KUALA LUMPUR Malaysian police said on Tuesday they have arrested seven people, including four foreigners, for suspected links to the Islamic State (IS) militant group and for planning attacks in Malaysia and abroad.
Authorities in Muslim-majority Malaysia have revoked the passports of scores of citizens identified as having left the country to join Islamic State and police reported this year that 18 Malaysians had been killed fighting for the group in Syria, and another seven were killed carrying out suicide attacks.
A grenade attack on a bar on the outskirts of the Malaysian capital, Kuala Lumpur, in June was the Islamist group's first successful assault in the country.
Police said in a statement their latest arrests were made between Nov. 3 and Dec. 16.
One foreigner was arrested for suspected links to IS and attempting to get details about security at international school in Kuala Lumpur, while another was detained for helping him.
Both were enrolled as students at a university near the capital, police said.
A third arrested foreigner had been detained in the Middle East in 2010 under suspicion of being involved with al Qaeda, police said.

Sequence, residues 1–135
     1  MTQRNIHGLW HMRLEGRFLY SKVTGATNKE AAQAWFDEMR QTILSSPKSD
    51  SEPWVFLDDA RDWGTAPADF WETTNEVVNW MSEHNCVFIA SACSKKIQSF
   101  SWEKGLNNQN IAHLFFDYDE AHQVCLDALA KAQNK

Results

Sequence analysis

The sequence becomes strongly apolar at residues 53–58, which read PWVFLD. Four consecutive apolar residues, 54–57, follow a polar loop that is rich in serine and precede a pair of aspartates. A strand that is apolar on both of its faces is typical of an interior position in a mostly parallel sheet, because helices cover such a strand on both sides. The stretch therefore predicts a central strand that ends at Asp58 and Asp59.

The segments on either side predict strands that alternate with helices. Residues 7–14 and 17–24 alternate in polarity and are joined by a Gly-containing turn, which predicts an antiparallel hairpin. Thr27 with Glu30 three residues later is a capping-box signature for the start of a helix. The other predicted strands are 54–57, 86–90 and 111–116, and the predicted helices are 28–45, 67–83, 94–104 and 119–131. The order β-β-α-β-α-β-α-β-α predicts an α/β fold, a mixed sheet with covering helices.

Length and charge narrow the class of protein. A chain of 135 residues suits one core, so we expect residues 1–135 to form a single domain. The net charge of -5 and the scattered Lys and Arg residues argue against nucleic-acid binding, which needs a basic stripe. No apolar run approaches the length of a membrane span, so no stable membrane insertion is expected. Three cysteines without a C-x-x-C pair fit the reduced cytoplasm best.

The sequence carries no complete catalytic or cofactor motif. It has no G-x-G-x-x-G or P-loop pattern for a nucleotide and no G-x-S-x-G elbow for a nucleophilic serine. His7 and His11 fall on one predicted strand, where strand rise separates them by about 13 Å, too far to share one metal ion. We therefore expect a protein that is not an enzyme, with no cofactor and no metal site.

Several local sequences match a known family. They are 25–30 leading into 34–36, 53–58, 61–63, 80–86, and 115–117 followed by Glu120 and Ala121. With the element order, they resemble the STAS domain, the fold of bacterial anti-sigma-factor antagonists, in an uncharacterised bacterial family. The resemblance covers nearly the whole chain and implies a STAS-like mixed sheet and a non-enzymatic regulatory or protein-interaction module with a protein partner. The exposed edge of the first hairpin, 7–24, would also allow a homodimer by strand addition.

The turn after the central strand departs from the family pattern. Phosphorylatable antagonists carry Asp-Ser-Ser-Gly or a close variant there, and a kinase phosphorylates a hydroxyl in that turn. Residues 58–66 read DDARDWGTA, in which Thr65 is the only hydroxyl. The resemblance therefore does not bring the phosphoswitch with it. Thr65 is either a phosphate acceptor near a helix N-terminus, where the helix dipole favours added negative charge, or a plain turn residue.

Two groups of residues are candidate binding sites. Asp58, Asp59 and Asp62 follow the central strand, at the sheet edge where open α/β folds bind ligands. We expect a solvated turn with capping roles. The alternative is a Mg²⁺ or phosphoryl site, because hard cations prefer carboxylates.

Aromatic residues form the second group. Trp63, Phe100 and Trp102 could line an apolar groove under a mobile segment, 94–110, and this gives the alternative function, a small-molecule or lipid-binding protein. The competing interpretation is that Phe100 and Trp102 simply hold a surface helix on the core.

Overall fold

Another foreign national suspected of having links to IS tried to smuggle firearms into Indonesia, and also attempted to sneak into Myanmar to launch an attack, Malaysian authorities said.
The identity and nationality of the foreigners were not disclosed.
Three Malaysians were detained for planning attacks in the country or for suspected IS links, police said in the statement.
One of them was getting orders from Muhammad Wanndy Muhammad Jedi - a Malaysian known by police to be fighting with Islamic State in Syria - and was planning attacks on places of entertainment in Kuala Lumpur and the city of Malacca, police said.
Malaysia has made several arrests before, including of supporters of IS who were suspected of planning attacks in the capital ahead of independence day celebrations.
Authorities in Malaysia have been on high alert since Islamic State-linked militants carried out a attack in the capital of neighbouring Indonesia in January.
(Reporting by A. Ananthalakshmi and Liz Lee; Editing by Robert Birsel)